When most students return from study abroad, they might have a few souvenirs in their suitcase — objects that remind them of the land and culture where they lived for several months.

Mark Massaro, ’14, came home from his semester in South Africa with a carry-on bag of fleas and ticks.

While most would be quick to call them an unwelcome infestation, Massaro had actually spent five days carefully collecting them from rodents in a South Africa national park (don’t worry—they were killed and preserved for transport). He’s studying the fleas and ticks for the presence of different types of Bartonella, a human and veterinary pathogen that’s become an increasing health concern in recent years, partly due to a lack of research.

He chose to study abroad at Duke University’s Organization of Tropical Studies in South Africa in part because of his work with biology professor Jory Brinkerhoff. Massaro first met Brinkerhoff when the professor arrived at Richmond after his freshman year, and the two began studying how likely horses are to contract Lyme disease, information that could be used to determine if horses require diagnosis and treatment, or if a vaccine should be produced. Massaro recently presented their findings at the International Conference on Lyme Borreliosis and Other Tick-Borne Diseases at Harvard Medical School.

Along the way, Massaro says Brinkerhoff has been a supportive force in everything from his research and study abroad to preparing for veterinary school. “He’s my research advisor, he’s my academic advisor,” Massaro says. “I joke that he’s my life advisor.”

Massaro’s African fleas and ticks are a welcome addition to the lab’s collection, which also includes 25,000 fleas from Colorado and an ever-growing collection of Virginia fleas. But the international research story doesn’t end there. This past summer, with the help of a Weinstein Summer Grant, Massaro and Brinkerhoff spent four weeks at the Laboratory of Veterinary Public Health at Nihon University College of Bioresource Sciences in Fujisawa, Japan. The two worked with a team of researchers to learn a new technique for culturing Bartonella directly from the flea, which now allows researchers to conduct two tests for the pathogen on one flea.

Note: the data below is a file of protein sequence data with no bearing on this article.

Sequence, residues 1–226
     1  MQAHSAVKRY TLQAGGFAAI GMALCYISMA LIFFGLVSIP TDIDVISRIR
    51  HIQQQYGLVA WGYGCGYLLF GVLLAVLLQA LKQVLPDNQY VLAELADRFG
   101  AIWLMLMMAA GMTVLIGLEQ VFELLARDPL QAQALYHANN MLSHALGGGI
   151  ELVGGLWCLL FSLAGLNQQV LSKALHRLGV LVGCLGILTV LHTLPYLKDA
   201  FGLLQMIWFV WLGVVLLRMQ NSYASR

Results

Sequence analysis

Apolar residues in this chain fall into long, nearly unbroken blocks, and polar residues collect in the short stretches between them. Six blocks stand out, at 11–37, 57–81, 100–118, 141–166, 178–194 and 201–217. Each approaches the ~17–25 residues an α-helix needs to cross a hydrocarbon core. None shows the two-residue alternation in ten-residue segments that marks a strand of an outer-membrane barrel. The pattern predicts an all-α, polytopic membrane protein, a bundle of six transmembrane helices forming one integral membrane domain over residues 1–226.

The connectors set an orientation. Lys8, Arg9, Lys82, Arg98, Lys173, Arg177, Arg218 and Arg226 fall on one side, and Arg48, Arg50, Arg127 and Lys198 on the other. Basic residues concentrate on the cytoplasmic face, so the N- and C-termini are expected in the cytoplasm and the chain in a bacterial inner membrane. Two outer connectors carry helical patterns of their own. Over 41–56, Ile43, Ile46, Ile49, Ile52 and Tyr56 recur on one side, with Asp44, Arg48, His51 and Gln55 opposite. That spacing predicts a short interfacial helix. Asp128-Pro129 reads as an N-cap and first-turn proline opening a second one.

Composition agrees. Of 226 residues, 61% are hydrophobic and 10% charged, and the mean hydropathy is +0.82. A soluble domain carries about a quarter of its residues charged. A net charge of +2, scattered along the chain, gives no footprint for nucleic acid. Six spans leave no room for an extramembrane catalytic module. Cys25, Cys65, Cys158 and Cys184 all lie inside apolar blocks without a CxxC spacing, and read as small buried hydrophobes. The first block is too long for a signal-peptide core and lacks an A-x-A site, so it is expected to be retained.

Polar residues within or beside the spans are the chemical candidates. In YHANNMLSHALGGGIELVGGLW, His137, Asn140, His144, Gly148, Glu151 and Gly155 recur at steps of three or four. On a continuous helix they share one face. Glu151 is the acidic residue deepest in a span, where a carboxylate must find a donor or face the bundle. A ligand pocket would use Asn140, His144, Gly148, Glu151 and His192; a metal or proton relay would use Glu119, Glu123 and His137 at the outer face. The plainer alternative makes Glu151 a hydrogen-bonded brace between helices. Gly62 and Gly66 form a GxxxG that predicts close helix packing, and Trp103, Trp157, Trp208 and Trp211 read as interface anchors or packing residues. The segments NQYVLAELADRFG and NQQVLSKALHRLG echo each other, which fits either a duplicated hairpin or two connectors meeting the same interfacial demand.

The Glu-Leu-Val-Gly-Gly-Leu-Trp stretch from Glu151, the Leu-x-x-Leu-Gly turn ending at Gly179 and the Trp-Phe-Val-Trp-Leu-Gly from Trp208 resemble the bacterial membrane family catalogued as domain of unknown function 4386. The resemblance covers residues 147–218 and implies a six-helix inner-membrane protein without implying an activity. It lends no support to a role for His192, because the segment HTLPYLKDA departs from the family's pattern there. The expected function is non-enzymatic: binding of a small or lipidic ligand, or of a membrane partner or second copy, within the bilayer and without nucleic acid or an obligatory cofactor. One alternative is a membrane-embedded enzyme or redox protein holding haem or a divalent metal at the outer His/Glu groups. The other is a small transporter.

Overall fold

The experience in the lab was valuable not only from a technical standpoint. “We can build a relationship with this lab,” Massaro says. “We’re hoping to have them send students to us, we can send students to them, and we can write papers together. We really want it to be a long-term thing.”

As Massaro settles back into his lab in Gottwald Science Center, his experiences in Japanese labs and the wilds of South Africa are providing plenty of fodder as he prepares his applications to veterinary school. He mentions the always available option of joining his parents’ veterinary practice at home in New Jersey, but that he’s now considering new possibilities — wildlife conservation or shelter medicine, for example — thanks to his study abroad.

No matter what path he chooses, it’s sure to include a focus on animals.

“My parents had encouraged me to consider other options than being a vet,” he says. “So I looked into everything. I thought about being a doctor, a lawyer, a teacher. But I’ve always had a knack with animals. Eventually I thought, ‘I’m just kidding myself. This is what I’m meant to do.’”